A Plush Rodent Named Eric (Flash Fiction)
By Dan Leicht
She bent down to pick up the blocks, not noticing they spelled out the word “humor”. Her son, age six, was asleep on the couch clutching a small plush rodent he’d named Eric. After stacking the blocks in the corner of the room, spelling in the process a brand new word not yet listed by Webster, she walked over to her favorite chair and plopped down. Beside her was a half finished novel by her favorite author. She opened the container of nuts beside her and grabbed a napkin from the basket atop the small cabinet. She created a mountain of cashews and walnuts on the napkin, dusted her fingers off on her pants, then opened the book. She leafed through a few pages to remind herself what’d been happening, relishing the chance to read while dinner baked in the oven.
He held the sword given to him by King Arthur firmly in his grip. “Take this sword, Young Jeremy,” said the king. “With it you shall vanquish the evil that lies within the Cave of Torment and save my kingdom.” Young Jeremy sheathed the sword and nodded to the king before strutting off to the kitchen. After a bountiful meal and a direct order from the king he was feeling most confident in his abilities, having Excalibur strapped to his back didn’t hurt either. Outside the castle a white stallion with a dark flowing mane was brought to his side by a man with a hunchback. Young Jeremy thanked the man and flicked him a solid gold coin for his efforts. “Stay true to the sword,” exclaimed the hunchbacked man. Young Jeremy nodded and climbed atop his steed. On the way to his mission he passed through the village and was greeted with cheers as the villagers all egged him on, wishing him good luck on his quest. One of the villagers, an elderly woman, handed him a cupcake covered in green frosting.
“Jeremy,” she said as she rubbed his shoulder to wake him up. “I’ve got some mac and cheese ready for you at the table.”
He rolled over, still holding Eric tightly against his chest as if the cotton-filled-companion were his trusty sword. “I was just getting to the good part,” he exclaimed mid yawn.
Together they sat at the table as he explained his dream to his mother. She listened carefully and remarked how brave he must have been in order to be trusted with such a task by King Arthur himself. Even though it was only a dream he still felt a sense of accomplishment, which showed in his smug expression and raised eyebrows as he bobbed his head while chewing his dinner. When he asked her if she’d had any dreams while he was asleep she replied only that all of her dreams had already come true, so sleep was nothing more than a means to fill up her energy tanks. He imagined her standing at the gas station pump while in her dreams, her body lying dormant on her queen sized bed all to herself. There was a question always lingering in the back of his mind, one he’d been storing away since starting his new school. Each day his friends would enlighten him with stories from their own homes, telling tales about their two parents and how much fun they had together. Jeremy had always been confused at the notion. Two parents? He’d always known only one. This particular dinner didn’t seem to him like the right time to bring it up, but with such a question nagging at him it wasn’t something he wanted to keep inside much longer.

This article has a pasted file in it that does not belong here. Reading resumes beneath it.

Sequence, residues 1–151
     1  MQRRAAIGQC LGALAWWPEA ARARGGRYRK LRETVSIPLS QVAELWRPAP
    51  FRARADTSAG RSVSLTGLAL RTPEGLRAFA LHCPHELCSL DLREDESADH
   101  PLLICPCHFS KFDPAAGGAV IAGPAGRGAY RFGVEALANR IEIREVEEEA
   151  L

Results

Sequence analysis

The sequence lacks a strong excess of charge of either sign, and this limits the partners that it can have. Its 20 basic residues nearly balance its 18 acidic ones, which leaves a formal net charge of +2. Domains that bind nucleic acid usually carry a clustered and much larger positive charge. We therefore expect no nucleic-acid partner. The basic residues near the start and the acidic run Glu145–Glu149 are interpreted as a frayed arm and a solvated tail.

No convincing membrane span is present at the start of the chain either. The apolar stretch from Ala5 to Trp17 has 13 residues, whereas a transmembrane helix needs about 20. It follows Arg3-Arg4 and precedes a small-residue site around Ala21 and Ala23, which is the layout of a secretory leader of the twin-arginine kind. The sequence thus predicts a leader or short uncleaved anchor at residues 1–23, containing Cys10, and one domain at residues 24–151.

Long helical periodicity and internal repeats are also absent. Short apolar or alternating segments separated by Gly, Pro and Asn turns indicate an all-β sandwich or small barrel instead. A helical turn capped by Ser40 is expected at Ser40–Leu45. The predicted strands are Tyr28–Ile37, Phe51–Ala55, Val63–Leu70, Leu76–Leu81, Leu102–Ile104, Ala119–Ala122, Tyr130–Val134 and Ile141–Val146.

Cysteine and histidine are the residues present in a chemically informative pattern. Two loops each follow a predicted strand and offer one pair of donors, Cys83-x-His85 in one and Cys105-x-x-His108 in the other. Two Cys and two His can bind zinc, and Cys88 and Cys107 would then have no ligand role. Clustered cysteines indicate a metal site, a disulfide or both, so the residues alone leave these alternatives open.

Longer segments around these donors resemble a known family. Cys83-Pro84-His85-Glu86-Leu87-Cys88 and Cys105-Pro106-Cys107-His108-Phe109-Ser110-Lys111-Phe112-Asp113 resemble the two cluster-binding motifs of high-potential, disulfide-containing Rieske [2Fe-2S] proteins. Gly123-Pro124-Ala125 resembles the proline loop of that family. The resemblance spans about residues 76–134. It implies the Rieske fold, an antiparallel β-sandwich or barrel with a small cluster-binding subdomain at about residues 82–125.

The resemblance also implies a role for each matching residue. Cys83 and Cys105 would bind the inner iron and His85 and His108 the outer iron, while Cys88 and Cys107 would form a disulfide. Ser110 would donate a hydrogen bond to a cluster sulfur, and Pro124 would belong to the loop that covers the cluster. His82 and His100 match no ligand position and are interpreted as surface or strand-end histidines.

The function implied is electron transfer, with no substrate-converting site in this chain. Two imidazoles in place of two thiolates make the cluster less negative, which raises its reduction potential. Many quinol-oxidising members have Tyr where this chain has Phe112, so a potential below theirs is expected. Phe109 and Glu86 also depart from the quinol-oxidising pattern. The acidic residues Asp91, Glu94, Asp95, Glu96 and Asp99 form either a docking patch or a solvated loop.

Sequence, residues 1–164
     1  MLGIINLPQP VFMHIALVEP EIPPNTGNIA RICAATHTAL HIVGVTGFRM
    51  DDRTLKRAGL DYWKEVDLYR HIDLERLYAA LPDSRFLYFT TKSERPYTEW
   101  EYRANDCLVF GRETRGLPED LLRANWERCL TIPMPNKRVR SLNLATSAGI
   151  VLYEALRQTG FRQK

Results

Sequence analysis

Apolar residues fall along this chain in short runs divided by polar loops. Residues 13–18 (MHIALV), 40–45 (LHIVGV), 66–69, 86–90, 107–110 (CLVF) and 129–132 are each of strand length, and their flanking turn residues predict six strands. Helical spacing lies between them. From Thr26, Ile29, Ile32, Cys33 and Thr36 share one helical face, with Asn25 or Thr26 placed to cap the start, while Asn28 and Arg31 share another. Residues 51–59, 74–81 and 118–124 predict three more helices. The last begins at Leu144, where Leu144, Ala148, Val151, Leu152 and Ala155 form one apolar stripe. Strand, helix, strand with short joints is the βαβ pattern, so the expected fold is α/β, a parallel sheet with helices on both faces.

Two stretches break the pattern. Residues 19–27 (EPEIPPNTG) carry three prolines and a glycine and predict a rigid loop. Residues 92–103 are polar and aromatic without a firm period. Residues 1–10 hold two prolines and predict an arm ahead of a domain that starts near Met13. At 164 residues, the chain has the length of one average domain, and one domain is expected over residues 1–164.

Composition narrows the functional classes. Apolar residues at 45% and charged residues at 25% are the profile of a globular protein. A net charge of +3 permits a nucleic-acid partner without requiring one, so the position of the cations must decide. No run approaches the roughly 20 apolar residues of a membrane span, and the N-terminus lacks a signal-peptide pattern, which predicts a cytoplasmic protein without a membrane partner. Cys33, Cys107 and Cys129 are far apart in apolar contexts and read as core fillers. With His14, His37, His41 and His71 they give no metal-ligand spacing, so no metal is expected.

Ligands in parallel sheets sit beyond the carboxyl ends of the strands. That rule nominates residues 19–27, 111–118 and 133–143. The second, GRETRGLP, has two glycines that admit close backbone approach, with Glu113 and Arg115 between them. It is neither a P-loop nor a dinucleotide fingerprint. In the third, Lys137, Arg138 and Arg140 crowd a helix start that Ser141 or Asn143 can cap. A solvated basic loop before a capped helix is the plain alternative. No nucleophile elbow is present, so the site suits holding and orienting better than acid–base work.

“Why don’t I have two parents like the other kids at school?” he asked. Her expression caused him to become nervous. He hid his face by devouring spoonfuls from the pile of orange mush on his plate. She took in a long powerful breath that quivered her nostrils, held it inside for close to five seconds, and released it, blowing her napkin across the table.
In a calm tone she answered. “Your father left soon after he heard about you in my tummy. He wasn’t ready to be a dad, but still sends me money every month to help take care of you.”
“Why doesn’t he ever visit us?” he asked.
“Because he has a different family he’s taking care of. He has two other children with a different mommy.” Jeremy looked at her with an expression of total confusion. He was allowed to just abandon them for another family? How could such a thing be legal? Not wanting to push his mother further on the question so soon he shifted the conversation to something lighter.
“How’s that book you’ve been reading?” Sometimes she swore she’d given birth to a thirty-five-year-old man. She laughed and told him the book was just getting to the good part. He looked surprised to hear such a thing. “Aren’t you halfway through the book already? It should’ve gotten to the good part from the first page. Don’t worry, Mother, someday I’ll write a book for you and it won’t be as disappointing.” He cordially went back to finishing up his meal, the wheels already spinning in his mind about how he could turn his latest dream into a story. “If only I knew how to spell more words, I could get started on it right away,” he said. His mother burst into laughter and smiled so bright he couldn’t help but join in.